Zimbabwe's fragile banking sector stands to lose in excess of $40 million in revenue this year due to massive cuts in bank charges and other service fees.
Following sustained outcry by customers that the charges were too high, the Bankers Association of Zimbabwe (Baz) signed a memorandum of understanding (MoU) with the Reserve Bank of Zimbabwe pledging to reduce lending rates and bank charges.
The MoU came into force on February 1.
Baz president George Guvamatanga this week said a majority of the banks had complied.
"The agreement means we will be taking away just over $40 million in terms of income to financial services sector," he said.
"We want to ensure that it is not only bank charges that have been reduced, but all other charges that have an impact on the cost of doing business."
Guvamatanga said banks were not forced to slash rate "but we expect other players to play their part and also that other services – not only bank – charges will be looked at."
Early this month Finance minister Tendai Biti threatened to introduce a new law to force banks to comply with the new interest rate regime – lowering the cost of borrowing.
Banks are now required to pay an interest of four percent for time deposits of $1 000 and above held over a period of at least 30 days.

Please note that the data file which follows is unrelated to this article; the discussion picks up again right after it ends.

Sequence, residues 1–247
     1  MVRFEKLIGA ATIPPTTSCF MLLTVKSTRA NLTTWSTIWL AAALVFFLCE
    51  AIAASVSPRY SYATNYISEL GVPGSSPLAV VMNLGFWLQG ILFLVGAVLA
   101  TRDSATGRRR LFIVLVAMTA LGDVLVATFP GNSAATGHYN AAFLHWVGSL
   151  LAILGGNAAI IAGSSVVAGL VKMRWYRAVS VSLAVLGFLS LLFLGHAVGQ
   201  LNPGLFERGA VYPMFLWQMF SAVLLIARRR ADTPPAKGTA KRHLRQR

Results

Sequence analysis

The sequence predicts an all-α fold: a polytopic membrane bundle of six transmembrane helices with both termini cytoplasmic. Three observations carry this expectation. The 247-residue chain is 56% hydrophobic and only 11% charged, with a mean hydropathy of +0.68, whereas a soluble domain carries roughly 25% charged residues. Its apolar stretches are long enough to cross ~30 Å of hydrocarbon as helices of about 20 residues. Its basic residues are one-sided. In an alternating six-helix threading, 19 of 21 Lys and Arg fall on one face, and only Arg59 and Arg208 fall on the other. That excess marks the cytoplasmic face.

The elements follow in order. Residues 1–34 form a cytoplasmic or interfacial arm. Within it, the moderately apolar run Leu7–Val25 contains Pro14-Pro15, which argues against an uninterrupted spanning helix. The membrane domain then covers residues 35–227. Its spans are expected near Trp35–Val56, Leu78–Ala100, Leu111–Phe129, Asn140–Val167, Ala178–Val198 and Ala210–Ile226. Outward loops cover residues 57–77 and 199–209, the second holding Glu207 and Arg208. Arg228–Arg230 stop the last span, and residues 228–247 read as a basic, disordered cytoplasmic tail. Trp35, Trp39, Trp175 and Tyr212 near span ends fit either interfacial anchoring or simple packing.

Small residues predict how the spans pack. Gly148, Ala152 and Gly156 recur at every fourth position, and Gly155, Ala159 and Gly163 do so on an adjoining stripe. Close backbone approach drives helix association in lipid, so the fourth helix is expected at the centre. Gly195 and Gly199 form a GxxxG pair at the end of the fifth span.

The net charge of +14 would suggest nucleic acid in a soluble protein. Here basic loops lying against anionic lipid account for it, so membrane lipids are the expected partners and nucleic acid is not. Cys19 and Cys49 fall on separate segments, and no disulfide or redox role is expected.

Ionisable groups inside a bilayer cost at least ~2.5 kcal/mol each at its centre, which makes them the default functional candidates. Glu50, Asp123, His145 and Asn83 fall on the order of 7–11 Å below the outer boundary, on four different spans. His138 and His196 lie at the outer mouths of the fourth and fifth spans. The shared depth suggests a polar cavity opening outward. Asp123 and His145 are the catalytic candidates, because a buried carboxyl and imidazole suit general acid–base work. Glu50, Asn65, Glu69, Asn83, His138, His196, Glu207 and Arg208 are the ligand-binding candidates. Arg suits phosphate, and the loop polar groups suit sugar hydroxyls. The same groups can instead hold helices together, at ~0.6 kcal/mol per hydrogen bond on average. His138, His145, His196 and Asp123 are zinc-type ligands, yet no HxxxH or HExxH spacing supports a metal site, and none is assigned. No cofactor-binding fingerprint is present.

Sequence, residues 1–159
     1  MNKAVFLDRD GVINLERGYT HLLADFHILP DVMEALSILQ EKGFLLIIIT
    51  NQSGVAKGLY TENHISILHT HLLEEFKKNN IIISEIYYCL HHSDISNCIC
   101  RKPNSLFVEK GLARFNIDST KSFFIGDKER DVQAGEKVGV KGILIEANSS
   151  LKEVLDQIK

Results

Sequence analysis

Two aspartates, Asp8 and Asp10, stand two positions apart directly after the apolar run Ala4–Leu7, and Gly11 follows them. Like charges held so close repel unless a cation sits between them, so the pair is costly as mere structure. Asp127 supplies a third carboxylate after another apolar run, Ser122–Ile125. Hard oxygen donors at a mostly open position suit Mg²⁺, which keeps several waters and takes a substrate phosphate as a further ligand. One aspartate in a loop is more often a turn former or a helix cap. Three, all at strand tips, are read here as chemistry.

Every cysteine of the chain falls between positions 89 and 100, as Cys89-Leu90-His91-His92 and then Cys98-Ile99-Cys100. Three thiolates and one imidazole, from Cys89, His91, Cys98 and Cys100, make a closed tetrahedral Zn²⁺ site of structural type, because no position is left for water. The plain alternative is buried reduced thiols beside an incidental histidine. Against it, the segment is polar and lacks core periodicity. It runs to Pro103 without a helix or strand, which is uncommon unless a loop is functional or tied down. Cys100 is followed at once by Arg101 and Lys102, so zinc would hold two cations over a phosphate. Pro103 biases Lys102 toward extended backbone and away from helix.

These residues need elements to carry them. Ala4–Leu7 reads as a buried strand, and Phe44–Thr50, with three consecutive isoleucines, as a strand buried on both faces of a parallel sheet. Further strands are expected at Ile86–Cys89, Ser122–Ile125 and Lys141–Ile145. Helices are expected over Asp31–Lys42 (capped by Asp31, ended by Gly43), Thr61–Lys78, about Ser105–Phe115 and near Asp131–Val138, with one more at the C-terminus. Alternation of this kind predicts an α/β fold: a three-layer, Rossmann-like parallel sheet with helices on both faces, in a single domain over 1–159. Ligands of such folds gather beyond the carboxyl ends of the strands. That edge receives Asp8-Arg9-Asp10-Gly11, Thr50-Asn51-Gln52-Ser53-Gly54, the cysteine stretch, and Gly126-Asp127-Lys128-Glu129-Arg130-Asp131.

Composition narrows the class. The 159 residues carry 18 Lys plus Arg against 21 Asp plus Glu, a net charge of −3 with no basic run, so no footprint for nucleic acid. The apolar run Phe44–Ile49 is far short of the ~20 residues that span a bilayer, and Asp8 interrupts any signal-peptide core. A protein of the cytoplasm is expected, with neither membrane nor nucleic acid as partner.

The MoU also requires that lending rates at banks be subject to a maximum rate of more than 12,5 percent above each respective bank's weighted average cost of funds.
Under this arrangement, banks are required to charge up to 0,5 percent of cash withdrawal amount subject to minimum charge of $2,50 while ledger fees, maintenance and service fees will cost up to $4 per account.
The central bank and bankers also agreed to push for the mandatory use of debit cards.
Automated teller machines, according to the MoU, will now attract a withdrawal fee of $2.
Point-of-sale machines attract a fee of between 10c and 50c, while no charges would be levied on cash deposits.
However, BAZ argues its members, whose income ratio is 40 percent, will incur huge financial losses.
Analysts say the new measures are a form of price control and history shows that market forces cannot be controlled without dire consequences.